Turkey: EUR 350 million from EIB for SMEs and earthquake reconstruction
- Release date: 02 April 2003
- Reference: 2003-031-EN
The European Investment Bank (EIB) is lending a total of EUR 350 million (1) for private sector support across the country and for earthquake reconstruction in the regions devastated by the disaster of August 1999.
The documentation will be signed in the framework of the 2nd meeting of the Policy Dialogue and Coordination Committee (PDCC) of the new Facility for Euro-Mediterranean Investment and Partnership (FEMIP), which will take place in Istanbul on 3 April 2003. The EIB funds are provided as follows:
EUR 200 million, in the form of global loans, will initially be channeled through the EIB's well-established Turkish partner banks, the Industrial Development Bank of Turkey (TSKB) and the Turkiye Vakiflar Bankasi (Vakifbank) to small and medium-sized enterprises (SMEs) in the areas of industry, services and tourism. Other Turkish partner banks may be added in due course.
This global loan, a follow up to the EIB's previous industrial sector global loan of EUR 125 million signed in 2001, aims at serving the private sector's long-term financing needs which, based on the success of the EIB's recent global loan facilities in Turkey, is clearly much needed. It underlines the continuing commitment of the EIB to assist in the long-term development of the country.
EUR 150 million goes to the Turkish Government to support priority rehabilitation and reconstruction works in the regions devastated by the earthquakes in Turkey in 1999.
This is the final tranche of a EUR 600 million EIB facility, the Turkish Earthquake Rehabilitation and Reconstruction Assistance (TERRA), approved in 1999 in support of EUR 1.5 billion reconstruction project established by the Turkish Government. The EIB participates in this project, in cooperation with other multilateral financing institutions, including World Bank and Council of Europe Development Bank.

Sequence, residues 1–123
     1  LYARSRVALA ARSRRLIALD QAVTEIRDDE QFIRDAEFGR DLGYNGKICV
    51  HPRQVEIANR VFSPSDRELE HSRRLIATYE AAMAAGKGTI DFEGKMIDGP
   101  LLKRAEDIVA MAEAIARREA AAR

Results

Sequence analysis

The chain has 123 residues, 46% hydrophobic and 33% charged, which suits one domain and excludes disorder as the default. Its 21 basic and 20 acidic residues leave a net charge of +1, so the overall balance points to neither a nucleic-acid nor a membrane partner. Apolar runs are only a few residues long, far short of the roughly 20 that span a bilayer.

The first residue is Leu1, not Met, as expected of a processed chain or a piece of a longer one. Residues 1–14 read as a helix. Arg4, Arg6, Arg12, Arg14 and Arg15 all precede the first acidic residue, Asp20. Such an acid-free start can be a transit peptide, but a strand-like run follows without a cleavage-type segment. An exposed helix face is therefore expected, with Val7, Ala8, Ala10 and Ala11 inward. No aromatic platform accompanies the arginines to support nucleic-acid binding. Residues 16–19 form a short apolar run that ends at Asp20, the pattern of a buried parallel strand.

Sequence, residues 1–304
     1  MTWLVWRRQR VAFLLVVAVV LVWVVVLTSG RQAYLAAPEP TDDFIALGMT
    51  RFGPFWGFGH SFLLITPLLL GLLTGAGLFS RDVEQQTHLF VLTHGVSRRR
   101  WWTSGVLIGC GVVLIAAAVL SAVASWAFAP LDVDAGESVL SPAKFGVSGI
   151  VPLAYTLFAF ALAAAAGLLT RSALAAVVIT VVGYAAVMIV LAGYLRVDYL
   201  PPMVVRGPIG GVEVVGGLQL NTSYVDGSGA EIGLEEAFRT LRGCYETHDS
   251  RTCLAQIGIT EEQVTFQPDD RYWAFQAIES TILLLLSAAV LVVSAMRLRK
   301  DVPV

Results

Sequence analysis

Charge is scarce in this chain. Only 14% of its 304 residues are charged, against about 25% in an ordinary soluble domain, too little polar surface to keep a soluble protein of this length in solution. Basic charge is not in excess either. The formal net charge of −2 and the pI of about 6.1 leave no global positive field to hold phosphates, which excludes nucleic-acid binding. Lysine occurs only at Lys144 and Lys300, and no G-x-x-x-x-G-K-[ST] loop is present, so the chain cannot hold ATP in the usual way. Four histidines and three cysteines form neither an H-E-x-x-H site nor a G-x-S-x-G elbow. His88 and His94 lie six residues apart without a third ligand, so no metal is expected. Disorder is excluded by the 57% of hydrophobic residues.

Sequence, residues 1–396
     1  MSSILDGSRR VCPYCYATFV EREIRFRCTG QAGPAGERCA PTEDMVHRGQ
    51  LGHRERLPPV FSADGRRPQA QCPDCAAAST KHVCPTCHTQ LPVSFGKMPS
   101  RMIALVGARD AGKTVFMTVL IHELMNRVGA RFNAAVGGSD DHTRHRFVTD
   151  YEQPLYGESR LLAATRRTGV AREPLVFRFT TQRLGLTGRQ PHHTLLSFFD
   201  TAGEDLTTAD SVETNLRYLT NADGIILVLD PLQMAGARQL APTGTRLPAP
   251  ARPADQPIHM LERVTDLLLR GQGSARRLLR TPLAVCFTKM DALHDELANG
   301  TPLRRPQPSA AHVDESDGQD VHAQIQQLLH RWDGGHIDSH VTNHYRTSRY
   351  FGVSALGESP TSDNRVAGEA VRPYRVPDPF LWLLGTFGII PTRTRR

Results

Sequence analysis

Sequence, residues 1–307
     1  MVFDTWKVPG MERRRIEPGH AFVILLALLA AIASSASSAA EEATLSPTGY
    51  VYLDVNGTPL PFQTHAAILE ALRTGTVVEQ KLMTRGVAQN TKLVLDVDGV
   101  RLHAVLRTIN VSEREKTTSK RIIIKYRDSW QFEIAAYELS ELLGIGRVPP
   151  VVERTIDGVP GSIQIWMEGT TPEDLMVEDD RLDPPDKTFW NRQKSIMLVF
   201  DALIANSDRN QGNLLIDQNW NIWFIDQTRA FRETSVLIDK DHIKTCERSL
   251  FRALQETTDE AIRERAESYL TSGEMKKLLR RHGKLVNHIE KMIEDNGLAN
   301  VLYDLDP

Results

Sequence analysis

It is used mainly for restoring housing and all essential economic and social infrastructure, including environment, transport, energy, health and education. It has also a particular focus on rehabilitating small businesses. The implementation of the works is carried out by the Project Implementation Unit (PIU), established within the Prime Minister's Office. PIU is responsible for procurement, implementation, monitoring and controlling financial flows of this reconstruction project.
With the new Facility for Euro-Mediterranean Investment and Partnership (FEMIP), the EIB has reinforced its cooperation with the Mediterranean Partner Countries (MPC). Endowed with increased financial resources, FEMIP will enable the EIB gradually to scale up its annual lending activity in the region from EUR 1.5 billion to EUR 2 billion.
FEMIP accords priority to financing private-sector projects with the dual aim of liberalising the MPC economies and expanding their potential in the run-up to the EU-MPC Customs Union in 2010. In this connection, the EIB's objective is to bolster the proportion of financing it devotes to private-sector projects to 33%. It places emphasis on FDI and private sector activity, as well as on social-sector projects, particularly health, education and environmental protection, in the belief that this will make for social stability and encourage productive investment.
In Turkey, EIB has contributed todate with some EUR 2.5 billion towards projects of key importance for the Turkish economy, including a flagship FDI project for Toyota car manufacturing.
EIB finance for infrastructure went mainly for environmental projects and the earthquake reconstruction effort. Among the projects financed in Turkey are: the wastewater and effluent treatment systems in Bursa, Adana, Mersin, Diyarbakir, Izmit and Tarsus; the Urban Development Project for the city of Eskisehir, the desulphurisation equipment at the Yeniköy power station on the Aegean coast and the construction of more environment-friendly power and heating plants. The EIB has also promoted SMEs through global loans to local commercial banks.